The last key aspect of higher coupon bonds is that in times of depressed market yields, such as what has occurred over the last several years, investors become more willing to pay a premium for higher coupons. Bonds that pay above market yields typically increase in price to levels often higher than the par value. When this occurs, and the bonds are priced at a such a premium, investors may question why anyone would purchase a bond for $120 when the bond matures and only pays $100 therefore guaranteeing a $20 “loss”. The idea may seem even more nonsensical when market yields fall as low as they did in the summer of 2021 and muni bond prices rise to the nosebleed levels of $130 or $140.
Average Price for Select Fixed Income Markets
|Bond Market||Average Price|
Represented by Bloomberg indices as of Feb 28, 2022
While it may appear as though bonds priced at a premium create a loss at maturity, that is not the case. The higher priced bonds carry the higher coupons that we previously discussed. The resulting improved cash flow is advantageous for muni investors because of the tax-exempt nature of the coupon income stream. This means an investor may be better off paying above par for a municipal bond and collecting more in tax-exempt cash flows than they would be paying par for a similar municipal bond.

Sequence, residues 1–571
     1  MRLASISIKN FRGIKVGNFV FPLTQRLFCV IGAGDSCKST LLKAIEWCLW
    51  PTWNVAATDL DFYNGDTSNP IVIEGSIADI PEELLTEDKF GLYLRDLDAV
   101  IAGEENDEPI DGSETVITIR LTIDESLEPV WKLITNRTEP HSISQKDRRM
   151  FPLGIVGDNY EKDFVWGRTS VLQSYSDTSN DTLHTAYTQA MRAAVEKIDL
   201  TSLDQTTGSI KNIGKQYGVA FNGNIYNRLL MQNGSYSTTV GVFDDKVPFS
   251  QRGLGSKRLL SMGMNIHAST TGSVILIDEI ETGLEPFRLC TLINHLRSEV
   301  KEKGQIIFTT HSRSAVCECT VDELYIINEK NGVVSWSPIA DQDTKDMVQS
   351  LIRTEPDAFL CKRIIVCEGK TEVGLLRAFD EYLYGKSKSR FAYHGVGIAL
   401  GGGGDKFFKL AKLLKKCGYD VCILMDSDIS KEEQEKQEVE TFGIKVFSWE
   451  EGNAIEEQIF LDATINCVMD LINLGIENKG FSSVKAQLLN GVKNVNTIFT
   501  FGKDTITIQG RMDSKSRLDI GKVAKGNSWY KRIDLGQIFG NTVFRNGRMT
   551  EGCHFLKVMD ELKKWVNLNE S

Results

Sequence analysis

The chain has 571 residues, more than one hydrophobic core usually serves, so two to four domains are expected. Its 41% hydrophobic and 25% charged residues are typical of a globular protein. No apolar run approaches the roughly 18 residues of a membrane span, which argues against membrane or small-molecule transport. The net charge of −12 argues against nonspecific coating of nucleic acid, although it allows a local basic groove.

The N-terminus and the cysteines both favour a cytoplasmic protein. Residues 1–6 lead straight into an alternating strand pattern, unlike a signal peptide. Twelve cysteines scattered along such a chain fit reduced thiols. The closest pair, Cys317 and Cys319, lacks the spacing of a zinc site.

|Bond A||Bond B|
|10 Years of Cash Flow||$25,000||$50,000|
|Net Cash Flow||$25,000||$28,001||$3,001|
Source: Thornburg Investment Management. Hypothetical figures illustrate the possible advantages of holding premium municipal bonds.
The table above illustrates just such an outcome. Bond A is a straightforward municipal bond issued at par with a 2.5% market coupon. Over the 10-year maturity of the bond, Bond A pays out $25,000 in tax-free income. At maturity, the bond returns the $100,000 purchase price at par. Bond B, however, is a premium municipal bond as reflected in the 5.0% coupon and $121,999 purchase price. While investors will have to pay more to purchase Bond B, they will receive $28,001 in tax-free coupon payments over the life of the bond and get back the $100,000 maturity amount. Clearly, Bond B is more favorable for income-seeking investors. Purchasers should keep in mind that a portion of the higher coupon payments associated with premium bonds is the return of principal. Still, the tax advantages associated with the coupon payments typically outweigh that consideration.